Flash floods are quick and deadly. At least 13 people died when a surge hit parts of Saudi Arabia in May, 2013. Two years earlier, 123 were killed when thunderstorms dumped rain over arid land to the east of the Red Sea port of Jeddah, hitting the city with no warning. A drone monitoring system that tracks floods in real time would sound the alarm before the water hits.
Existing forecasting models are good at predicting roughly when an area might experience the right mix of conditions to create a flash flood, but they can’t say precisely when or where a flood will strike. Christian Claudel at the King Abdullah University of Science and Technology outside Jeddah is working on a drone system that could give such cities between 30 minutes and 2 hours of warning, as well as predicting the flood’s path.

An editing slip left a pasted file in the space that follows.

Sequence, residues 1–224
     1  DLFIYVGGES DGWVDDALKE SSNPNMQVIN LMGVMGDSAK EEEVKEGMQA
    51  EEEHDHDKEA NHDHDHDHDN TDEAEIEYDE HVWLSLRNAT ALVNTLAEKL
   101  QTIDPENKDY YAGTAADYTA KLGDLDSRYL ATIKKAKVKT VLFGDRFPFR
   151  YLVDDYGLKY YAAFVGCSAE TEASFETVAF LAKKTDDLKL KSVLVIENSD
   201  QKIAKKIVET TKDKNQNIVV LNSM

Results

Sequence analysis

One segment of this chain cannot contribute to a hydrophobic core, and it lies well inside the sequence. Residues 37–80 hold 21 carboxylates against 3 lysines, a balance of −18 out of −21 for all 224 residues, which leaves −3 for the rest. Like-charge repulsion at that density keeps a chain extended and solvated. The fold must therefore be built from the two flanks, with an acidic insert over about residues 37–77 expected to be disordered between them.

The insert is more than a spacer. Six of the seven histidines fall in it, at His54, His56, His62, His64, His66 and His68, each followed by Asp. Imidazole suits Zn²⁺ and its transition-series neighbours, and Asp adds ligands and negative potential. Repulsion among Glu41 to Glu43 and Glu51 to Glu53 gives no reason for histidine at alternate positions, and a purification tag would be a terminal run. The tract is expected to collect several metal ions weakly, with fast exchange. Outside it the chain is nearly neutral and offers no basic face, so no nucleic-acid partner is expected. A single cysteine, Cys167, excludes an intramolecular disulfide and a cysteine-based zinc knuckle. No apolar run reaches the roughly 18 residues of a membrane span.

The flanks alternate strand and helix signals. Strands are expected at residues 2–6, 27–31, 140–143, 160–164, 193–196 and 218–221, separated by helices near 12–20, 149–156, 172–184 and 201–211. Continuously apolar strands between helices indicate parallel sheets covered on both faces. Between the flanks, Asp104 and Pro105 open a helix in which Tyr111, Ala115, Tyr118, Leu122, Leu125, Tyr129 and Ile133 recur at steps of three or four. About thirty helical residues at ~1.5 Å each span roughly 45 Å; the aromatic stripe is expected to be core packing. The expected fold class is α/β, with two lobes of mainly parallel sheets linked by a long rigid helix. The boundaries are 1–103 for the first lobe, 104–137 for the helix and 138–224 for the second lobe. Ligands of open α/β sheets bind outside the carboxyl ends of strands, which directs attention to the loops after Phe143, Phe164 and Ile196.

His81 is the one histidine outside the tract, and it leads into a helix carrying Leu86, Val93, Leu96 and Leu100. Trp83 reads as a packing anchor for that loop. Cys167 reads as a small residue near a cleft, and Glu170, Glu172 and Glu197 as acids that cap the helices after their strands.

The goal is to launch a swarm of about 10 drones to automatically monitor a potential flash flood. The drones will drop disposable wireless sensors across the region at risk. If the sensors meet floodwater they will be carried away on the current, sending out a simple signal that the drones can track. The drones relay the sensors’ changing positions back to a central database, which builds up a model of floodwater flow.
“The sensors are made of printed circuits on paper, which reduces the cost of the device,” says Claudel. The printed sensors act as location tags, pinging a unique ID number to the drones over a short range. This is much cheaper than using dedicated sensors with their own communications systems, which may never be recovered.
Kristen Rasmussen, who studies flash flooding at the University of Washington in Seattle, says it would be really useful to combine the drone system with existing models that take account of terrain and how the water moves. “That could be very powerful,” she says. But she warns that the social aspect of prediction is equally important: getting the message out and persuading people to pay attention to it.
Source: Hal Hodson, New Scientist